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Eat Well

What are you eating these days?

Groceries

Food.

Sleep, one of the most important yet the most neglected aspect of our lives. 

While our health and longevity depend heavily on getting a good night of zzzs, it is increasingly neglected in twenty-first-century society. However, the "I'll sleep when I'm dead" mentra has serious ramifications. Scientists have shown that sleep deprivation comes with devastating consequences with causal links to most major diseases found in the developed world - Alzheimer's, cancer, obesity, diabetes.

Not sleeping comes with grave consequences, so why are we still staying up way past our bedtime?

Sleep

Stages of Sleep

1

NREM

5-10 minutes

  • Your brain slows down

  • Your heartbeat, your eye movements, and your breathing slow with it

  • Your body relaxes and muscles may twitch

  • Lasts for around five to 10 minutes. 

3

NREM 3

Deep Sleep

  • Your muscles are completely relaxed

  • Your blood pressure drops and breathing slows

  • You progress into your deepest sleep

  • Your body starts its physical repairs.

  • Your brain consolidates declarative memories, general knowledge, facts or statistics, personal experiences, and other things you have learned

2

NREM 2

20 minutes

  • You become less aware of your surroundings

  • Your body temperature drops

  • Your eye movements stop

  • Your breathing and heart rate become more regular

  • Your brain gathers, processes, and filters new memories you acquired the previous day.

4

REM

90 minutes into sleeping

  • Your brain lights up with activity

  • Your body is relaxed and immobilized

  • Your breathing is faster and irregular

  • Your eyes move rapidly

  • You dream

  • Your emotions and emotional memories are processed and stored.

  • Your brain cements information into memory

Reading on Bed

Sleeping isn't learned. We've been doing it since birth, but why is it still so hard?

Sleep is a Beautiful Thing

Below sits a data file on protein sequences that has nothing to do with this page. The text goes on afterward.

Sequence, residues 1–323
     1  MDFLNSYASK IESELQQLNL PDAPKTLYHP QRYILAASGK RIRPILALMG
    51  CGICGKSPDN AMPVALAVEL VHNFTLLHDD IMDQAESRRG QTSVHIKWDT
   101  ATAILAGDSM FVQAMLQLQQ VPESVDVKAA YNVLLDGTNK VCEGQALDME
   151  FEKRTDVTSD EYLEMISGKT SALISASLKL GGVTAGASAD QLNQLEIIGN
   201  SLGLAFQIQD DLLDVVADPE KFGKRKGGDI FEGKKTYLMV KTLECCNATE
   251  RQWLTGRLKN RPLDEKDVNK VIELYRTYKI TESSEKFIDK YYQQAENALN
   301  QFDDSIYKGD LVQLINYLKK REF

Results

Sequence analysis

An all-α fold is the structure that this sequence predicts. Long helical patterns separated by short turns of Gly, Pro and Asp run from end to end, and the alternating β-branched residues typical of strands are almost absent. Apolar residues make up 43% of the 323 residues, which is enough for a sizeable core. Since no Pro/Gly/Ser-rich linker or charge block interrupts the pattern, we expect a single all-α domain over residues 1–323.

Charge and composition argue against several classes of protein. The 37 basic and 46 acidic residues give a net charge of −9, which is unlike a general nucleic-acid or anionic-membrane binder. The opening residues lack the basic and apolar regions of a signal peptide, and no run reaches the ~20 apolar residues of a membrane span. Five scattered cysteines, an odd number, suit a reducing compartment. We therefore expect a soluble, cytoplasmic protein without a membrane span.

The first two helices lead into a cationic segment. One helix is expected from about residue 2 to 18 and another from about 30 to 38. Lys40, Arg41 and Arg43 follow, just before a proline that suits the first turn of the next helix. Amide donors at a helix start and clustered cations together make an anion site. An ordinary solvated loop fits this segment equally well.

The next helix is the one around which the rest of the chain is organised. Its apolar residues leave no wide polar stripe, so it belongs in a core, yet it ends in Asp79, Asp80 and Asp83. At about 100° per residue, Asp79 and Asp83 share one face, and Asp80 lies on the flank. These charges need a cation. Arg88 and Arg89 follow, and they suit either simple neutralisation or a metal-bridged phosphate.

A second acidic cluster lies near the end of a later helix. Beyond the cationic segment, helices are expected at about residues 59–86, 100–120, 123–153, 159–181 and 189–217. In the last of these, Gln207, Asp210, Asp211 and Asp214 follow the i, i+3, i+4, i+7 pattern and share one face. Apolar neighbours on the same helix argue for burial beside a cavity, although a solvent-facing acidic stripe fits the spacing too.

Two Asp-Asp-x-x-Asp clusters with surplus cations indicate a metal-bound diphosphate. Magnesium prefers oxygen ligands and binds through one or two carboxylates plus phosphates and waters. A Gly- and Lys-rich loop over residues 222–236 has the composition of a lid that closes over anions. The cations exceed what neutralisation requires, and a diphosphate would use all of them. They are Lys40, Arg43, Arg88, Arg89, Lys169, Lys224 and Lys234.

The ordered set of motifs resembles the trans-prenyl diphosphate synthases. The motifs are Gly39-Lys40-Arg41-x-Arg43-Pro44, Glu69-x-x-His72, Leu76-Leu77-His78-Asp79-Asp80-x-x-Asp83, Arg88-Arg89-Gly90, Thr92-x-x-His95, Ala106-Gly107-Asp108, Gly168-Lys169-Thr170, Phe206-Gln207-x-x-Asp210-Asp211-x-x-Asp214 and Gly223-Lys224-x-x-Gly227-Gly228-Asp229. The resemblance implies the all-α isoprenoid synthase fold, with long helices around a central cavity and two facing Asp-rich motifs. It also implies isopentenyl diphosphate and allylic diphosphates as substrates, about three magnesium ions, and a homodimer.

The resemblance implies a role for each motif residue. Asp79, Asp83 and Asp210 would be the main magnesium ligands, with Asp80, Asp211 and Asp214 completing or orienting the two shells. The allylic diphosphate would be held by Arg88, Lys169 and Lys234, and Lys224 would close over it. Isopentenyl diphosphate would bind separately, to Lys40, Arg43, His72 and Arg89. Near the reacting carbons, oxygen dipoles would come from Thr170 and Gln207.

Yet somehow we never get enough. 

The long-term effects of sleep deprivation are real. 

 

Sleep deprivation on a regular basis can eventually lead to health consequences that can affect your entire body, since we need sleep, just like food and air. Our body heals itself and restores its chemical balance during sleep. It is during this period that our brains forge new thought connections and help with memory retention. Sleep deprivation leaves the brain exhausted, so it can’t perform its duties as well. You may find it more difficult to concentrate or learn new things. The signals to and from the body may be delayed, decreasing your coordination and increasing your risk for accidents. It also negatively affects your mental abilities and emotional state. You may feel more impatient or prone to mood swings, while compromising your decision-making processes and creativity.

Noticeable signs of sleep deprivation include:

Sleeping with Eye Mask
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DELAYED LATENCY

Sleep latency, or sleep onset latency, is the time it takes for you to go from being fully awake to sleeping. Delayed sleep onset latency means it takes longer than 30 minutes to fall asleep. 

FREQUENT DISTURBANCES

Sleep disturbances occur when you fall asleep but can't stay asleep. Common disturbances include sleep apnea, getting up to void the bladder.. etc. 

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POOR QUALITY

Poor wake quality refers to when you seemingly slept through the night but still feel tired in the morning. 

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When was the last time you had a good night's sleep?

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